• She was a worshipper. (Judges 5:3)
  • She was very bold - not at all fearful. (Judges 4:6)
  • She had a very close relationship with the living God. (Judges 4:6-7)
  • She had amazing faith. (Judges 4:9)
  • She was genuinely concerned for the people. (Judges 4:9)
  • She spoke to all sorts of people. (Judges 5:13-14)
  • She was not afraid of showing righteous anger when required. (Judges 5:16-17)
  • She could be trusted. (Judges 4:5)
  • She would see a job through to the end. (Judges 4:24)
  • She had full confidence in God’s purpose for the nation. (Judges 4:14)
  • She spoke as one having authority. (Judges 4:14)
  • She encouraged people to obey God. (Judges 4:7; Judges 4:14)
  • She did not seek glory for herself. (Judges 4:9)

Poor leadership

Deborah was a bold, confident leader. This was not because of her great abilities or natural wisdom; it came from her relationship with God and what she knew in her heart of His character and His desire for His chosen people. At the same time, Deborah was no warrior and she needed a good warrior to lead the Israelite army. Barak was certainly a warrior, but he lacked the qualities of a good leader. Barak was well aware of the need to stand up against King Jabin and his oppression of the Israelites, but he wasn't prepared to take the necessary initiative in leading their army.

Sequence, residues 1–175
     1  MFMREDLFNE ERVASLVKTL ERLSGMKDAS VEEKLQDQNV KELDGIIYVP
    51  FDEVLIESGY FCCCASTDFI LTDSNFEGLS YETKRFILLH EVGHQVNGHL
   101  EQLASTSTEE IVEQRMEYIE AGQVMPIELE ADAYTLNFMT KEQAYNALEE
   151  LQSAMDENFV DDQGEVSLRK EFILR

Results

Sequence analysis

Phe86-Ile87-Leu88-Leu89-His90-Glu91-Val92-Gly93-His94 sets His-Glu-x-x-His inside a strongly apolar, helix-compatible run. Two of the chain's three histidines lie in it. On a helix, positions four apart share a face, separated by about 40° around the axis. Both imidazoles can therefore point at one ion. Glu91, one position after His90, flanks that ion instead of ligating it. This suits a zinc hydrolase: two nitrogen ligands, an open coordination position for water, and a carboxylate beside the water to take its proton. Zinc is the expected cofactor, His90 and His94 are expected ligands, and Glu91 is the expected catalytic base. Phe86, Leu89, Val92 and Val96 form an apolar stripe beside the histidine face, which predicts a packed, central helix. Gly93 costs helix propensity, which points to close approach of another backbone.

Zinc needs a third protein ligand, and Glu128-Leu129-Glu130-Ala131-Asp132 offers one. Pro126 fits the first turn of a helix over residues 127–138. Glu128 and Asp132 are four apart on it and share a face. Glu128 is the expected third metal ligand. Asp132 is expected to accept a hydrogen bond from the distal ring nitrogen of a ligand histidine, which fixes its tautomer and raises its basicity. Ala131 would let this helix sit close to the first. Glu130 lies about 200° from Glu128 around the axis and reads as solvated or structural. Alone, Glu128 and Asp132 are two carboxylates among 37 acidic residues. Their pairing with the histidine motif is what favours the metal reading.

• He was fearful. (Judges 4:8)
  • He looked to those around him for security and support. (Judges 4:8)
  • He trusted more in human strength than in God. (Judges 4:6-8)
  • He was self-centred. (Judges 4:8)
  • He had to be pushed, even when faced with a desperate need. (Judges 4:14)